The proportion of intron retention reported by EPGA is high (above 60% of the total AS types) mainly due to the lack of retrieval of splicing events at the transcript termini. As shown previously (Ner-Gaon et al., 2004), transcript termini comprise 30% to 46% of the total AS. When this is taken into consideration the corrected proportion of intron retention type is closer to 45%. These results are similar to recent publications that indicate intron retention as the major type of AS in Arabidopsis (Iida et al., 2004; Ner-Gaon et al., 2004; Nagasaki et al., 2005) but differ in the estimation of exon skip that was reported to be 8.8% (Nagasaki et al., 2005) but here is only 2%.

The distribution of all indel sizes detected by EPGA was analyzed and a graphical presentation of all indel sizes retrieved from Arabidopsis and rice is illustrated together with constitutive introns and exons (Fig. 2). The distribution for indel sizes between 60 and 120 bp follows the distribution of the constitutive intron size in both species more closely than that of the exon sizes. Another peak in the indel size at below 40 bp in size is the result of 5′ and 3′ alternative splice sites. Taken together, these results indicate that EPGA can faithfully report genome-wide splicing events within the median distribution of exons and introns for the model eudicot and monocot species.

Figure 2.
Distribution of indels detected by EPGA and the distribution of constitutive introns and exons in the genomes of Arabidopsis and rice. A, Distribution of constitutive exons, constitutive introns, and indel sizes in Arabidopsis. The ESTs were aligned to ...

Comparative AS Rates and EST Database Size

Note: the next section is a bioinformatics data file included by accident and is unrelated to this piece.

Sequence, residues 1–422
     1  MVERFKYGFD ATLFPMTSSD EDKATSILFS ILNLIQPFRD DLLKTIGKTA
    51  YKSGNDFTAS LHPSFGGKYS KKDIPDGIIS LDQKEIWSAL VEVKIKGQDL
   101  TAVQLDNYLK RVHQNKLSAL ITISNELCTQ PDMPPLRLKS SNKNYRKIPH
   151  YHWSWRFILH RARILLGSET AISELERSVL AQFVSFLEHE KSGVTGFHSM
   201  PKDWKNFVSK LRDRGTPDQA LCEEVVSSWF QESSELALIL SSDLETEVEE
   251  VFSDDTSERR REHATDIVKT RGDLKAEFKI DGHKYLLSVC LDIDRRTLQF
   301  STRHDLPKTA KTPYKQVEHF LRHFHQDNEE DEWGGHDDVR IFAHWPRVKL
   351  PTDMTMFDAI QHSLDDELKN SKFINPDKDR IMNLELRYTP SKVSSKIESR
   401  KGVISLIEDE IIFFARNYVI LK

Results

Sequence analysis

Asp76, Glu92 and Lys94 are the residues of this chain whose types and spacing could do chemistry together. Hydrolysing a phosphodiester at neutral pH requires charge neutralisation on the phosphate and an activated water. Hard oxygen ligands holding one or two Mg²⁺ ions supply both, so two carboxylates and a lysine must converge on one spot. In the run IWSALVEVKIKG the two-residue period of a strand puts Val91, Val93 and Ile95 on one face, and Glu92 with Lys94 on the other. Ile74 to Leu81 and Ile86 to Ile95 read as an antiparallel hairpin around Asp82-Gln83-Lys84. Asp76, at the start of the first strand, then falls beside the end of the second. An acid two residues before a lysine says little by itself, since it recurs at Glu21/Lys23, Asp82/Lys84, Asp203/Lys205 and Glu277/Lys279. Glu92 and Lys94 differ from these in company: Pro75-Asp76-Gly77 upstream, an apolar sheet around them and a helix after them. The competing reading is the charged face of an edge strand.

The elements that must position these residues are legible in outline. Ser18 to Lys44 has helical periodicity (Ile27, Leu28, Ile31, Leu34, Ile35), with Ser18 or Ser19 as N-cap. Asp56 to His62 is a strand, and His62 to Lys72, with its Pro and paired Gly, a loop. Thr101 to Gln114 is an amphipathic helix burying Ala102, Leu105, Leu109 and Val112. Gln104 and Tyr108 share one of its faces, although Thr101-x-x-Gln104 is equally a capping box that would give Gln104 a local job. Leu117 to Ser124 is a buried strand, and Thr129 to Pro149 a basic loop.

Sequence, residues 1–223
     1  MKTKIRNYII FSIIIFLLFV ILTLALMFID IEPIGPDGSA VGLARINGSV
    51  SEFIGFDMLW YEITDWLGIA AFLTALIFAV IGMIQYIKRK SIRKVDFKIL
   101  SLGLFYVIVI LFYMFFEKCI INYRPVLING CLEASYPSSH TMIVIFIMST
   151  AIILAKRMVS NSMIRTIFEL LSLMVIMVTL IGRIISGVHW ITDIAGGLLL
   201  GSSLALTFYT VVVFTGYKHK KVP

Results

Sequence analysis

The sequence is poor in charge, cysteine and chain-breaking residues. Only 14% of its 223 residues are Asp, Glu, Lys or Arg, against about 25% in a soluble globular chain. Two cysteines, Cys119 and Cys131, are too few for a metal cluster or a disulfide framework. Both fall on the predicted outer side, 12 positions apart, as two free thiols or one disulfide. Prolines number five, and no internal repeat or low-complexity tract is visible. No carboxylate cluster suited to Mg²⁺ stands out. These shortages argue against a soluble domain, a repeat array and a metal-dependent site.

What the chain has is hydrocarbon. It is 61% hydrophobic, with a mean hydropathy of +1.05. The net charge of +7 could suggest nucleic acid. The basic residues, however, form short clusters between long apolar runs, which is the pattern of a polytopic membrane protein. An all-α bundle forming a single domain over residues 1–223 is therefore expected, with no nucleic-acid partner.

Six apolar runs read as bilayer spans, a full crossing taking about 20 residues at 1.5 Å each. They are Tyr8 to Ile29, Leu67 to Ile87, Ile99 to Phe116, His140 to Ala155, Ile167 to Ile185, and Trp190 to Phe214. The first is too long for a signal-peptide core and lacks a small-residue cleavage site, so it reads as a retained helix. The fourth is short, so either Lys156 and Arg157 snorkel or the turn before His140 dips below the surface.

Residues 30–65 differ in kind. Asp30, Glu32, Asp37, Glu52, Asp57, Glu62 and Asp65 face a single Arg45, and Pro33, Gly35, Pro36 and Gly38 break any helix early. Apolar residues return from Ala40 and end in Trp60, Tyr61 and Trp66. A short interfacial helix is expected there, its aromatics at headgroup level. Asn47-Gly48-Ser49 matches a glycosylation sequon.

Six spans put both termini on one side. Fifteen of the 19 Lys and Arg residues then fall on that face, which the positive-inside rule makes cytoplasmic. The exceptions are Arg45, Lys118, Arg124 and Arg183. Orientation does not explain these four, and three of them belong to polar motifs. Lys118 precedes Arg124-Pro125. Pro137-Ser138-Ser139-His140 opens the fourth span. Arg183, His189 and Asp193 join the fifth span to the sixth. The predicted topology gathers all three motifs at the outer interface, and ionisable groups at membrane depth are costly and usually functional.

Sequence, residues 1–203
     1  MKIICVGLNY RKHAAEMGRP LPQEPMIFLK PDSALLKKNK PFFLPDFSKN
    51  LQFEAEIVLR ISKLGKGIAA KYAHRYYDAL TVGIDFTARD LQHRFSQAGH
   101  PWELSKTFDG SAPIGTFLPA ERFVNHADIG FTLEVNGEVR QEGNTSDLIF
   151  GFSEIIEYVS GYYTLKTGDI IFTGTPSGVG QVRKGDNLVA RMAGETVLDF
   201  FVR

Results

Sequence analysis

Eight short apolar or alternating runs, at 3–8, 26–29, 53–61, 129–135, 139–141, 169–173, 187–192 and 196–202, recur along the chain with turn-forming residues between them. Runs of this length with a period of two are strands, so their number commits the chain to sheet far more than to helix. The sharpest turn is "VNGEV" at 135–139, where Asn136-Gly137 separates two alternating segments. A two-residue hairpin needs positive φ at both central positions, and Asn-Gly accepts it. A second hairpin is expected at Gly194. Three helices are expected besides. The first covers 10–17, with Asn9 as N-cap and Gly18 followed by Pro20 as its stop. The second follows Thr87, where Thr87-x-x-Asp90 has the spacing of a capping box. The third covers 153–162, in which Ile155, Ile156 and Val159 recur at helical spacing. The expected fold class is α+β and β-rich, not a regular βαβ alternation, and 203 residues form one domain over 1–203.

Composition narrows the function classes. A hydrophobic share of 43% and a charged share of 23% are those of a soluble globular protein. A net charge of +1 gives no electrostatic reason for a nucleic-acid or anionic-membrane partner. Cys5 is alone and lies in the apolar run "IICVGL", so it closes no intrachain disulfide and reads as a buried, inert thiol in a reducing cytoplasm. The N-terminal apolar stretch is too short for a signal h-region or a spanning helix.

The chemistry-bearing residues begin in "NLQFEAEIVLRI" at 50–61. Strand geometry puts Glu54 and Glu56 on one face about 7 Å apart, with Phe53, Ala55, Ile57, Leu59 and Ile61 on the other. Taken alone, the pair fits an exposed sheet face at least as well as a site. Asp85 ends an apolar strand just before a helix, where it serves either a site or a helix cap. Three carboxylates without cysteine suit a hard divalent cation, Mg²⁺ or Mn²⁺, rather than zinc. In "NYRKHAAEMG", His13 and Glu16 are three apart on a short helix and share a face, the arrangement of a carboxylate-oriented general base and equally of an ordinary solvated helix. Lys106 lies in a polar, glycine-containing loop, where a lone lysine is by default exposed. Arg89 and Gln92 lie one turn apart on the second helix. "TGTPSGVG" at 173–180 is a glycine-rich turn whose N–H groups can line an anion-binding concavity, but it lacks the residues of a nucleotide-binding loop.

To be able to compare AS rate in other plant species for which sequenced genomes are not available, we define the AS rate as the percentage of clusters that contain an AS event out of the total number of clusters retrieved with more than one EST. Thus, in Arabidopsis and rice the AS rate, using more than 110,000 ESTs, was 4.1 and 5.5, respectively (Table II). In tomato, the AS rate was 10.2, when using about 90,000 ESTs. Clusters do not necessarily indicate gene units, hence, the values of AS rates as defined do not specify the rate per gene (i.e. 10%–20% in Arabidopsis and rice; Wang and Brendel, 2006) but is useful to compare the relative AS activity between different plant species. Obviously, the number of AS detected will increase with the number of EST in a database, as with increasing number there is a greater chance of matching an indel-containing EST to an existing cluster (Kan et al., 2001; Brett et al., 2002). Thus, different species can be compared only when EPGA is carried out with an identical EST database sampling size. Since the number of EST in most plant species is less than that available in the model plant species we first examined if lower sampling size would maintain the relative differences in AS rates for Arabidopsis, rice, and tomato. Hence, the AS rate was computed by normalizing to a fixed EST sampling number of 20,000 ESTs. The computations were repeated six times by random selection from the specific plant dbEST. The results in Tables III and andIVIV show that the relative AS rate ratio between Arabidopsis and rice (‘japonica’) was similar whether the sampling size was 20,000 or 110,000 ESTs (approximately 1.4). The AS rate ratio between Arabidopsis and tomato is approximately 2.7 in both sampling sizes.